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Censorship stories: Student newspaper-administrator quarrels ultimately end in student resignation

Posted by on Feb 14, 2010 in Blog, Law and Ethics, News, Scholastic Journalism, Teaching | 0 comments


By Jimmy Hibsch, Rolling Meadows High School

For the past year the Stevenson High School Statesman staff has not only been reporting the news, but it has also been making it.

Last January, when former Features Editor Eunice Ro published an article about “hooking up,” administrators responded with harsh criticism. The article discussed the demise of the teenage ‘cookie-cutter’ relationships into casual, and often drunken, affairs. Disregarding an expose about the same topic in the New York Times that deemed hooking up a trend, district administrators claimed the issue was of “no news value” and insisted the missing 3,400 issues that included the article disappeared.

Over the next 11 months, the Stateman’s award-winning and nationally-known adviser Barbara Thill resigned and administration-student relationships withered.

“The administration was offered a chance to look over the package and while one of them did and said it looked good, the other one declined, wanting to wait to see it when the rest of the school did. They told us they trusted us,” former Editor-in-Chief Pam Selman said. “However, when the community had a strong response – both negative and positive – to the package, the administration decided to implement prior review of The Statesman and we have been under prior review since then.”

While District 125 Board of Education President Bruce Lubin said the school “has had an informal practice of pre-publication prior review for the Statesman for years” in his Dec. 19 statement, he also stressed the school was allowed to “impose restrictions” under the Hazelwood v. Kuhlmeier decision.

Since the Statesman is not a public forum, the school claims it is an “educational and curriculum endeavor.” However, student journalists such as Selman say limiting the Statesman’s content does just the opposite.

“The practice of prior review does nothing but hinder education and make students feel as if they are incapable of making their own decisions,” Selman said. “It results in a weaker publication and a long list of impacts on education.”

This November, the dispute was furthered when administration censored the Statesman’s Nov. 20 issue, objecting to stories about Code of Conduct breaches by honors students, teenage pregnancies and the rise of shoplifting. Selman said when her staff decided to leave the front page blank in protest, administrators instead forced them to feature alternate stories they had approved.

Had students not consented, they would have failed their journalism class.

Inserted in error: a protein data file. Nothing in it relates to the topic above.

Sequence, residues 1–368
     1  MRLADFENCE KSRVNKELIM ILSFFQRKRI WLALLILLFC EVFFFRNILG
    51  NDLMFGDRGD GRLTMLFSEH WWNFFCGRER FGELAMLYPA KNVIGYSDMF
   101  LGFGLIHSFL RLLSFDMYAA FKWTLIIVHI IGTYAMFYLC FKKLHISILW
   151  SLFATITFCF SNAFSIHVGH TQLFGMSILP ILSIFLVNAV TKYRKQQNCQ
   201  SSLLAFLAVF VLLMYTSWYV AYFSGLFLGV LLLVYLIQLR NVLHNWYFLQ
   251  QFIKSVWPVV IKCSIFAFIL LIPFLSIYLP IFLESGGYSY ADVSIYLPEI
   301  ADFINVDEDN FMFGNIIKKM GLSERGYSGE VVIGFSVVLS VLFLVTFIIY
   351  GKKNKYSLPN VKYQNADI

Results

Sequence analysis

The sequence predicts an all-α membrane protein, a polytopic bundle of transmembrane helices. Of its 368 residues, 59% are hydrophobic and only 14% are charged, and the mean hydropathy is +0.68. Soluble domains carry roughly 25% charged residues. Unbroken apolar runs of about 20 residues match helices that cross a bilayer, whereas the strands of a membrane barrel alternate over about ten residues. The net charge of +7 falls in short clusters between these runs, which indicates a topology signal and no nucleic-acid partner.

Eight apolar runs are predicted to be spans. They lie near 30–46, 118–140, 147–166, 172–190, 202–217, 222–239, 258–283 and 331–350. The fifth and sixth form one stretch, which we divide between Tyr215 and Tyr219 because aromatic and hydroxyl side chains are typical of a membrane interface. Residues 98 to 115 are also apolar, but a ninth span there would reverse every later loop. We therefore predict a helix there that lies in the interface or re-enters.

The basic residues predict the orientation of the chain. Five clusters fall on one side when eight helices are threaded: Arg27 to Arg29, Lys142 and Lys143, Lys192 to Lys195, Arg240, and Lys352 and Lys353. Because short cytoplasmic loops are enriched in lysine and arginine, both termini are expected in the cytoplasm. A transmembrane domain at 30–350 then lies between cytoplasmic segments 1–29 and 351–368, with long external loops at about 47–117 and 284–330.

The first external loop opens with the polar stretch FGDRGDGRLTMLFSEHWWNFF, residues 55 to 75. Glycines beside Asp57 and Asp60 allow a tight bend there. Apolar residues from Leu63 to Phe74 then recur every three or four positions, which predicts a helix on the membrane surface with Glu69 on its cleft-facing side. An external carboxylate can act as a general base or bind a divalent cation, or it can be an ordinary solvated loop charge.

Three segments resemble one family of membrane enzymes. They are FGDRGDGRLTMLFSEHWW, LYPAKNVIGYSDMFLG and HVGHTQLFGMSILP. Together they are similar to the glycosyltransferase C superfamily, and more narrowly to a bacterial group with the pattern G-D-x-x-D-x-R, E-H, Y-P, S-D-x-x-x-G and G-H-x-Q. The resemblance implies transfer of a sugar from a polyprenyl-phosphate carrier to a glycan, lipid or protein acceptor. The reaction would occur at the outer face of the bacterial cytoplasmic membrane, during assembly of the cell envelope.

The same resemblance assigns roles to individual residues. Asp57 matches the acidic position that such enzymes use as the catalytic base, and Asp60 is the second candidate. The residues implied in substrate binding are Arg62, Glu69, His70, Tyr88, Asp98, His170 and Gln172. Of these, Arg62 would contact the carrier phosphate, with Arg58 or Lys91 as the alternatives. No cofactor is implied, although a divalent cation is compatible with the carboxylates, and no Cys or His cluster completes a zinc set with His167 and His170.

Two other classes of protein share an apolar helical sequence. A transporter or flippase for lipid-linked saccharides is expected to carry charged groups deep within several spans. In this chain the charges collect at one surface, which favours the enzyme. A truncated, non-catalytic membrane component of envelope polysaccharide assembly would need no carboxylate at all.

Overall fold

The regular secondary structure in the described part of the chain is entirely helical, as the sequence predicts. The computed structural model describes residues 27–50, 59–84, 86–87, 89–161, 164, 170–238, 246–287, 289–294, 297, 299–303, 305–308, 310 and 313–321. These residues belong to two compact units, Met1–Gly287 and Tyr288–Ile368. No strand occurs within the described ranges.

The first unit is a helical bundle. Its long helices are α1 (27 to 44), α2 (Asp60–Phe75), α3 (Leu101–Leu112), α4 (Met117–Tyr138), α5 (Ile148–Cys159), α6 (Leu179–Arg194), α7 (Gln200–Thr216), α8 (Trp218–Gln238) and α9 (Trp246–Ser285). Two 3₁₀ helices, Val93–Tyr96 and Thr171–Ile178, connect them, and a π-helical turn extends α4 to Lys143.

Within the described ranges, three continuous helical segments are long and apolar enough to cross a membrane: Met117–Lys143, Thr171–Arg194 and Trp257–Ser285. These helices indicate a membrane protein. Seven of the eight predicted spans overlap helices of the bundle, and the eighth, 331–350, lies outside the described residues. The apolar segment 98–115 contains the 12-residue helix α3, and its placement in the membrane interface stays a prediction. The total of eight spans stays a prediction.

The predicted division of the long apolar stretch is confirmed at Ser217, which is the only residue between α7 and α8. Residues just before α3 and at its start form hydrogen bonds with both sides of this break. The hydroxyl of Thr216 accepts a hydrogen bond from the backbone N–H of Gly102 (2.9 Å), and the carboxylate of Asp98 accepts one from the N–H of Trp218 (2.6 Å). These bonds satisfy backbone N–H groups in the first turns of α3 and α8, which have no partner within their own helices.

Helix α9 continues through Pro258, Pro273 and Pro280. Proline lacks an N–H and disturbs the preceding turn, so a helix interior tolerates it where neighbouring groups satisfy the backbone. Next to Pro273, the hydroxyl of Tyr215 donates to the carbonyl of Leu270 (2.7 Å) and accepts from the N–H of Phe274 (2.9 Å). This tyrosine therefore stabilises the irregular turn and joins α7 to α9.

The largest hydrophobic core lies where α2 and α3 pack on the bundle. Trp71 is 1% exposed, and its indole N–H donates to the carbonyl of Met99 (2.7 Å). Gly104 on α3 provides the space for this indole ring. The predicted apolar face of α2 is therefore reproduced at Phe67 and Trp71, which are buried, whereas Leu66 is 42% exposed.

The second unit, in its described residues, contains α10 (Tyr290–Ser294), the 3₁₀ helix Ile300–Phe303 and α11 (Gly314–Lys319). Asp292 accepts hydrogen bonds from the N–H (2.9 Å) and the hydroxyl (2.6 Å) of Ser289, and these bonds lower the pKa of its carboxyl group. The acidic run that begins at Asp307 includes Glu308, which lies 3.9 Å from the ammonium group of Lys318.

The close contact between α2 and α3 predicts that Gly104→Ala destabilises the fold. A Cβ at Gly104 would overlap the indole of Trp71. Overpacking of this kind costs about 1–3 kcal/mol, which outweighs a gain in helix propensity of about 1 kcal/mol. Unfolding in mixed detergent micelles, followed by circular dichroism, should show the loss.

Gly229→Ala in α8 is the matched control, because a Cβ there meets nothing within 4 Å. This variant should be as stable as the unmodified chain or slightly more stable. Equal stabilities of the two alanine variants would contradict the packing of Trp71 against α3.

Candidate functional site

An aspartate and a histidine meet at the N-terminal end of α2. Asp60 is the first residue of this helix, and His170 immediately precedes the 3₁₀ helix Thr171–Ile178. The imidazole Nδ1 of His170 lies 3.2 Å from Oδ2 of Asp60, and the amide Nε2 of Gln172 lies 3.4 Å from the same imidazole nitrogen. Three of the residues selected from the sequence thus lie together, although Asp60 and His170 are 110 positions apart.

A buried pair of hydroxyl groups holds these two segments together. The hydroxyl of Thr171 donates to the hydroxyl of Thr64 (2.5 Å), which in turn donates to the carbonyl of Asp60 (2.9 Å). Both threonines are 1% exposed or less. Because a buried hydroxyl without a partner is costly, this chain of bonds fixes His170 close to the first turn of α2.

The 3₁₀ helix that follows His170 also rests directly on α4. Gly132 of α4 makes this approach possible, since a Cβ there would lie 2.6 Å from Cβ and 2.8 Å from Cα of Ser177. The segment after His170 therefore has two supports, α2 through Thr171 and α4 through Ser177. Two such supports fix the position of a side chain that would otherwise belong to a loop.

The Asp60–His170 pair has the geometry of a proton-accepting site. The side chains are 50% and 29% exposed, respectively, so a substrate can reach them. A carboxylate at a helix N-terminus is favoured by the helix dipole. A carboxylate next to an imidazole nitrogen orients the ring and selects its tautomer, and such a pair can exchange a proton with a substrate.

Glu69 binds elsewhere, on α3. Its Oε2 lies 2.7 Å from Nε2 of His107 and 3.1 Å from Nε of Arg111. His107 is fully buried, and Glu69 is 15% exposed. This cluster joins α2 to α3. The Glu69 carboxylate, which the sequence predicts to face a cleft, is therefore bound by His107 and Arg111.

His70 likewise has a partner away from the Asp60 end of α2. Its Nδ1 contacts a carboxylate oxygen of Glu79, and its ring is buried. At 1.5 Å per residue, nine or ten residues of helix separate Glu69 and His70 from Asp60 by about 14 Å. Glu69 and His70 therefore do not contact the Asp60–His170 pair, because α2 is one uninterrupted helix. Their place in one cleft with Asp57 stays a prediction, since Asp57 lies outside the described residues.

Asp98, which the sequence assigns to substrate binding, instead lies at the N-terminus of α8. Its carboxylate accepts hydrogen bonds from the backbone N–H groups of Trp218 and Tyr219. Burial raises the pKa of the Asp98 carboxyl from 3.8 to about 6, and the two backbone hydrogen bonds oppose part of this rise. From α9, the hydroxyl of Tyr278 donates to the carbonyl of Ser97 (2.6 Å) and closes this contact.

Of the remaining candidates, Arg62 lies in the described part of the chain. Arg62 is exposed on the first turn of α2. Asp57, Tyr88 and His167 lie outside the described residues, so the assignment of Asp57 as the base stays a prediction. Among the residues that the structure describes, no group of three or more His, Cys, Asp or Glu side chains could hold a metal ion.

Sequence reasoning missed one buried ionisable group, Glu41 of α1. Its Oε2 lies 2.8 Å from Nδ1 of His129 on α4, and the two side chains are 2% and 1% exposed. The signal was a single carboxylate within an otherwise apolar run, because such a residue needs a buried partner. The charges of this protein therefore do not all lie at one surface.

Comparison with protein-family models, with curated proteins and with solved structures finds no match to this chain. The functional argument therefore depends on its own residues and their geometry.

“They censored the entire issue, but then turned around the next day and told us we had an hour to put together a paper in the way they wanted us to. We received a packet delineating the exact format of the paper as requested by the administration,” Selman said. “They forced us to put a features story on the front page, and the pregnancy and honors student story were not printed.”

Essentially, the students felt the issue did not reflect their work in the least.

“We asked that an editors’ note be published explaining why the paper was not up to our standards, which was turned down. We also requested that our bylines be removed from the paper, not wanting our names attached to something we felt was not ours,” Selman said. “Again, they refused.”

A school spokesperson said the honors student story was ruled as unprintable because it included anonymous sources who admitted to illegal activity. However, that was not the case the following month when the staff attempted to publish an article about birth control. This time, administrators said that the article revealed personal medical information about a student.

“The school did not want to put medical information about a student into the public. They would not allow us to make her anonymous, so we ended up running a blank page,” Selman said. “When the administration censored the December issue, it was clear that they intended to continue censoring without reason.”

This year (2009-10), the school divided the Statesman production class into two separate sections, despite students pleas the change would drastically impact their production. With the end of the first semester, however, the school had moved the students’ schedules around again to allow for only one class – again forcing the staff to readjust. Seeing these and the school’s prior actions equal to forcing her to practice bad journalism, Selman and several other Statesman staff members quit the newspaper by withdrawing from the class associated with its production.

“Mainly, we refuse to compromise our ethics and standards that we hold so closely,” Selman said. “It is unfair of a school, or anyone for that matter, to ask a student or person to give up what they believe in.”

Currently, only four students remain in the class. The small staff originally intended to publish their Jan. 28 issue on schedule, however, it has been delayed as a result of their lack of numbers. The first issue published Feb. 12.

As for the remainder of the Statesman’s former staff, Selman said the future is uncertain.

“We are currently considering all of our options, but we have gotten a number of offers from companies willing to sponsor Web sites and publications for us completely independent of the school. We will be pursuing one of those options,” Selman said.

Jimmy Hibsch is the Editor-in-Chief of The Pacer at Rolling Meadows High School (IL)

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